Like Bodies, Like Minds shares true stories about the body image and mental health of seven brilliant bodies. Writer Angela Barnett explains why she and illustrator Ruby Jones wanted to bring these stories to light.
If you ask teens about body image, you get an eye roll: “yes, we know, love your body.” If you ask questions about mental health, the rolling of the eyes stops. It feels more now. More pressing. And it’s. But mental health doesn’t just exist in the mind, the mind lives in the body. And the way we exist inside our body is affected by the way our body is viewed, valued and treated. And the way we are viewed, valued and treated affects our mental health.
The exterior affects the interior, and the interior reflects the exterior.
In a world where some bodies are placed above others due to racism, weight stigma, transphobia, ableism, and homophobia, society is not always benevolent. Being “altered” for our appearance, gender or sexual orientation causes bodily shame, which internalizes, making us more vulnerable to depression, anxiety, stress, panic attacks and others. mental health problems. So our body image – what we think and feel about our body – becomes inextricably linked to what society thinks and feels about our bodies.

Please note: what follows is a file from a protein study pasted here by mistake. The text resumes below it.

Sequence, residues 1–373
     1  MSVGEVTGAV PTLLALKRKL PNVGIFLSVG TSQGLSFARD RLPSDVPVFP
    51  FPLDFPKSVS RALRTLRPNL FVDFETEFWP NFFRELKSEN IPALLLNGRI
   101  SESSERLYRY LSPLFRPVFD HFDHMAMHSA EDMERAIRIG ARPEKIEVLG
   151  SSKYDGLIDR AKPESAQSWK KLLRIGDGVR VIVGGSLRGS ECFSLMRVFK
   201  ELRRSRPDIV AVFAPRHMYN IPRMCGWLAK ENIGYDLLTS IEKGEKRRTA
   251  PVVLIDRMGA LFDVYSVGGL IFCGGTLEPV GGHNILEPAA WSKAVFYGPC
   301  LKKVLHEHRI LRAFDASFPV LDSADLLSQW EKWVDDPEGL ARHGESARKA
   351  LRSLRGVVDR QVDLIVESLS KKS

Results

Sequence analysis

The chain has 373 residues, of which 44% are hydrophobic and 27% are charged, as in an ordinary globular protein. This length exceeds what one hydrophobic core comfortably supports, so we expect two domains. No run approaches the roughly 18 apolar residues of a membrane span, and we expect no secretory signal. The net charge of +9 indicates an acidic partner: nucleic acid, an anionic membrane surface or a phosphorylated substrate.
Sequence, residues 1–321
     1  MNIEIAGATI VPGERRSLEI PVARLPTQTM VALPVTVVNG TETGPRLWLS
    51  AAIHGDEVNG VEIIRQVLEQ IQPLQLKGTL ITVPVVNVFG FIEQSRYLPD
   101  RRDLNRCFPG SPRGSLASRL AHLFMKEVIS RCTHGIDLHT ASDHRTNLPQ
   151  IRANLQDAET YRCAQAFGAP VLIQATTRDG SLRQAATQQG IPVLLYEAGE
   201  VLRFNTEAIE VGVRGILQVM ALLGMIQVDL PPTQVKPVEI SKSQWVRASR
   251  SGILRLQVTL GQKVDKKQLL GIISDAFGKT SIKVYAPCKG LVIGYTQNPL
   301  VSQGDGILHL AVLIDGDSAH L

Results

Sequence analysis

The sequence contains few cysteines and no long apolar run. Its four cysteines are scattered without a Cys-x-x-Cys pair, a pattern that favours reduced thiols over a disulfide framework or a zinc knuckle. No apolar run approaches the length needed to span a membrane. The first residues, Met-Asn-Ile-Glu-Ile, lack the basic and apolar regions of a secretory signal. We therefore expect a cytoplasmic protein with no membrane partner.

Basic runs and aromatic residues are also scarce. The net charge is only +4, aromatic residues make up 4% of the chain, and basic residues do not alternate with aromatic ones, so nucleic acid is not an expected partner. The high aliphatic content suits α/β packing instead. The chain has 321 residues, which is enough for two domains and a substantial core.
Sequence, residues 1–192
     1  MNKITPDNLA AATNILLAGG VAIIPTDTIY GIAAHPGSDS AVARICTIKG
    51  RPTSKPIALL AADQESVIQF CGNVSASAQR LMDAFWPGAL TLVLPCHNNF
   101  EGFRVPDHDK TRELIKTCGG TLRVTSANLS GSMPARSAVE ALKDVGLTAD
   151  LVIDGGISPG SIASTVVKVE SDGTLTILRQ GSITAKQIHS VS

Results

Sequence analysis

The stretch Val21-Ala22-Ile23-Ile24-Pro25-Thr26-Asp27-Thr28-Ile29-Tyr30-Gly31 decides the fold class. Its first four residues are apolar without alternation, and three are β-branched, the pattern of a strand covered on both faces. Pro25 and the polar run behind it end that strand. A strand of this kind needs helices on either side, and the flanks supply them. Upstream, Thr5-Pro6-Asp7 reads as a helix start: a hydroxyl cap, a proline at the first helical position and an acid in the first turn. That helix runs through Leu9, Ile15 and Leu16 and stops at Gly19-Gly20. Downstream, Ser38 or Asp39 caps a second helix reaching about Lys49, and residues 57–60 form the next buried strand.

Like Bodies, Like Minds shares the stories of seven brilliant bodies about being misunderstood, misgendered, âalteredâ or judged from the outside, and how it affects the inside.
By sharing these seven stories, Ruby and I hope to reduce the shame surrounding mental health and body image, and improve understanding of life in someone else’s skin. The project encourages people to look at each other and look at our own bodies with gentle, unprejudiced eyes, because the question to ask is never “what’s wrong with me and my body.” / skin / size / abilities / orientation â, but what’s wrong with cultural structures that think there is a wrong or a right way to exist in a body.
* Like Bodies, Like Minds is funded by a NÅku te Ao: Like Minds Media Grant, with support from the Mental Health Foundation and the YWCA.